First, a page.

Moderna halts plans to build Kenya vaccine plant as Covid shot demand plunges


A nurse prepares a dose of Moderna Covid-19 vaccine at Oltepesi Dispensary in Kajiado, Kenya, on September 9, 2021.

Patrick Meinhardt | AFP | Getty Images

Moderna on Thursday said it has paused plans to build a vaccine-manufacturing site in Kenya after a steep drop in demand for its Covid vaccines.

The biotech company said it has not received any vaccine orders for Africa since 2022 and has taken more than $1 billion in losses and write-downs related to the cancellation of previous orders from the continent.

Moderna’s decision aligns with its broader effort to cut costs by resizing its Covid vaccine-manufacturing footprint. The company’s business took a major hit last year as demand for those jabs waned worldwide, with people relying less on protective vaccines and treatments against the virus.

Shares of Moderna fell 45% last year, but the stock is up around 6% this year.

In March 2022, the company said it would invest about $500 million in the Kenyan site and supply as many as 500 million doses of its messenger RNA vaccines to Africa each year. Moderna also had plans to start filling doses of its Covid vaccine in the continent as early as 2023.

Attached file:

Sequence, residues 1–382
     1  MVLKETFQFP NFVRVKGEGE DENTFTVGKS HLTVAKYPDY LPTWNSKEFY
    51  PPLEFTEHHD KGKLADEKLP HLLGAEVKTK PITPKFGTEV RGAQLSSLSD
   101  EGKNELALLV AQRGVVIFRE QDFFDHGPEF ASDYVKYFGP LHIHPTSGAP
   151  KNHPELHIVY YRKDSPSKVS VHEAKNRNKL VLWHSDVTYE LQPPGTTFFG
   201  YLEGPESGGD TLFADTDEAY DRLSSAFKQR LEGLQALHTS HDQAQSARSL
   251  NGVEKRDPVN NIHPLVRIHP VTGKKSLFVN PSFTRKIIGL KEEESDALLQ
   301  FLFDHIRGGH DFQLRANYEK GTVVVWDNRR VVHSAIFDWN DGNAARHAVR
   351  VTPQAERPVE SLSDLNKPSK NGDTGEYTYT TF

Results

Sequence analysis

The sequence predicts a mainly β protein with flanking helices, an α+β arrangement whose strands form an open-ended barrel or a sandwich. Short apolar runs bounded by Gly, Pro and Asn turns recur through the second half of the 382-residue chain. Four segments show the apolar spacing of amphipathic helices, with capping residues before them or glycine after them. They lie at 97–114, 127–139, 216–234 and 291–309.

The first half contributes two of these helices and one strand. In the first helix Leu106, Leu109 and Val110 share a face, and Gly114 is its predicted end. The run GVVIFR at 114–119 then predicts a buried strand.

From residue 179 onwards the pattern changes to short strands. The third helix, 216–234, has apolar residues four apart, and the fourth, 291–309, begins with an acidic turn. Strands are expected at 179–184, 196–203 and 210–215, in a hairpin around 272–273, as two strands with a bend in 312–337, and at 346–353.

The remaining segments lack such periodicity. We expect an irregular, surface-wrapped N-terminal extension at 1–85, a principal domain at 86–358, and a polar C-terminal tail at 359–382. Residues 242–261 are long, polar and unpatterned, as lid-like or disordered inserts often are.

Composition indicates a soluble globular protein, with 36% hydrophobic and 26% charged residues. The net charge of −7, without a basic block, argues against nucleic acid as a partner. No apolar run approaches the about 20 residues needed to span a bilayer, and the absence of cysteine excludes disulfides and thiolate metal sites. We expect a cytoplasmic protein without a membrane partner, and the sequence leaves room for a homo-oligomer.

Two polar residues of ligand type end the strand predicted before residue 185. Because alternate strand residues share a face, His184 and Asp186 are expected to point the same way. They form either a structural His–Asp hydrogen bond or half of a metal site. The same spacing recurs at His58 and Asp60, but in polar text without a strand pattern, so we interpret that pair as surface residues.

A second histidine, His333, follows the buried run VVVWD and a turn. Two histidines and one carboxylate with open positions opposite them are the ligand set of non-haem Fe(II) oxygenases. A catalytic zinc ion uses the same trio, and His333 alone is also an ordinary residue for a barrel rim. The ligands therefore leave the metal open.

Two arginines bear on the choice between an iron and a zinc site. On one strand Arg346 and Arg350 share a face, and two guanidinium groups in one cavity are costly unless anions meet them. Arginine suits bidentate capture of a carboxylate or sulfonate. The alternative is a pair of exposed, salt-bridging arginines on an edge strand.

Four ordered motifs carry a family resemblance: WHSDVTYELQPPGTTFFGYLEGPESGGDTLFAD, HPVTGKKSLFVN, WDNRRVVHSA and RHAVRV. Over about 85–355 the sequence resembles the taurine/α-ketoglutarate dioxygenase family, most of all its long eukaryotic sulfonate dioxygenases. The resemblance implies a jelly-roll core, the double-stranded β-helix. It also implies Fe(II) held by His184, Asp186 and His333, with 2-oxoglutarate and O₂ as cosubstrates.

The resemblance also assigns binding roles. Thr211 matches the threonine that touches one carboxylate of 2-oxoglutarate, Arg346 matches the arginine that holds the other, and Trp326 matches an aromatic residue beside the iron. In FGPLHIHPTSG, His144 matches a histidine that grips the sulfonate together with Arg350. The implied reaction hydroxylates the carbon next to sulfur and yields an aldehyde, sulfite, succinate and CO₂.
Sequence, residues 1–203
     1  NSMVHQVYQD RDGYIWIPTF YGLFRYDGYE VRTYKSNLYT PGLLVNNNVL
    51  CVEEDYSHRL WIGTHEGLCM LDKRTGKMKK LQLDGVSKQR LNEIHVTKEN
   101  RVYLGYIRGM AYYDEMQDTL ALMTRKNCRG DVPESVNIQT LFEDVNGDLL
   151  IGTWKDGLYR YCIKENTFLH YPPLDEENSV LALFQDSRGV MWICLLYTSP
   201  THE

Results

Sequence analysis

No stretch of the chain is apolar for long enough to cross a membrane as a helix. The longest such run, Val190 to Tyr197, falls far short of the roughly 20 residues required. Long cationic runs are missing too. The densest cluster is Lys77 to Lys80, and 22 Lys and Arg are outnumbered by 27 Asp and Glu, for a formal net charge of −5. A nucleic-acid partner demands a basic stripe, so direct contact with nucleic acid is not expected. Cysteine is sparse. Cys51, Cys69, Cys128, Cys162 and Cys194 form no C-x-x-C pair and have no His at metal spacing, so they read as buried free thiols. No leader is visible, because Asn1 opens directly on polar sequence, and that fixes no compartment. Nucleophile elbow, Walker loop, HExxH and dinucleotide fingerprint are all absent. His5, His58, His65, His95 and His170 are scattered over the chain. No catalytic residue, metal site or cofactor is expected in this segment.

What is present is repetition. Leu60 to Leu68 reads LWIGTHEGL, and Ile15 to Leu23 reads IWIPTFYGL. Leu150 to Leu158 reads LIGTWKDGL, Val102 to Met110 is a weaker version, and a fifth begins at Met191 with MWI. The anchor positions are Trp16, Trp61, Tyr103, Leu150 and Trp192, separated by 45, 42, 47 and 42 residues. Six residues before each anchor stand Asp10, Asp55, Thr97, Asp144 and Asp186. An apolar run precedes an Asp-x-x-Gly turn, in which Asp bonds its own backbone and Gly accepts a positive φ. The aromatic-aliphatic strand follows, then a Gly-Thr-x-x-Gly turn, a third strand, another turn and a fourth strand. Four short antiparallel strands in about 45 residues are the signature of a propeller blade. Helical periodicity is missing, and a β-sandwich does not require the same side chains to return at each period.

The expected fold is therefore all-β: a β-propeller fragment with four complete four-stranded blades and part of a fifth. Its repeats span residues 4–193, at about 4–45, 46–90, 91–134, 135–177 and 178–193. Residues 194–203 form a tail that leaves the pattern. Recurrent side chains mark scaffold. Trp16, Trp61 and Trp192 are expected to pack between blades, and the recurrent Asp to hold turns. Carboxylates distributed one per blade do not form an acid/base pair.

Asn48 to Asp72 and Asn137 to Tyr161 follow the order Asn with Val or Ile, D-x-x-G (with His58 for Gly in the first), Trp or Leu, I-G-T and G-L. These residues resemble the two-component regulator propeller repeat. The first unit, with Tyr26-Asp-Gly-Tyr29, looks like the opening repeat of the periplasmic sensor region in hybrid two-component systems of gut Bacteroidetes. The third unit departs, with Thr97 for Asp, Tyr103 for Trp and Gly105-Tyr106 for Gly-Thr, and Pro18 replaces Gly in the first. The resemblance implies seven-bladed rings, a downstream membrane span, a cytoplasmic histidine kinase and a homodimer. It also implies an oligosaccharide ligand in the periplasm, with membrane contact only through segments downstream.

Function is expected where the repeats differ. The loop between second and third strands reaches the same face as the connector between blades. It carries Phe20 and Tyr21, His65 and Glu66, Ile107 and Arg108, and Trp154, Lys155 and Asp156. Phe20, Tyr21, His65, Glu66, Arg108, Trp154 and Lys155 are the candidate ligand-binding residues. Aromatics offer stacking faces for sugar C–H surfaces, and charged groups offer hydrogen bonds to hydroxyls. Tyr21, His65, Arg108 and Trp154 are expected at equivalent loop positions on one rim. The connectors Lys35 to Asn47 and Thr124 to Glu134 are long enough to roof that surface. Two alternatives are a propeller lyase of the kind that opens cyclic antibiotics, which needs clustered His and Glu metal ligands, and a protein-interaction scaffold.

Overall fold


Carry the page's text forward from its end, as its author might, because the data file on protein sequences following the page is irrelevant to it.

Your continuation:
But the company has since determined that demand in Africa “is insufficient to support the viability of the factory planned in Kenya,” Moderna said in a statement on Thursday. Still, the company said it is committed to “ensuring equitable access and meeting emerging demands from African nations” for its Covid shot through its global manufacturing network.”

The company said it is also working to develop vaccines for diseases that predominantly affect the African continent, such as HIV and malaria. Those shots are part of Moderna’s broader effort to expand access to vaccines that are out of reach in many parts of the world.

But those jabs are still in the early stages of development, the company noted.

“Given this, and in alignment with our strategic planning, Moderna believes it is prudent to pause its efforts to build an mRNA manufacturing facility in Kenya,” the company said in a statement. “This approach will allow Moderna to better align its infrastructure investments with the evolving healthcare needs and vaccine demand in Africa.”

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This article was originally published on CNBC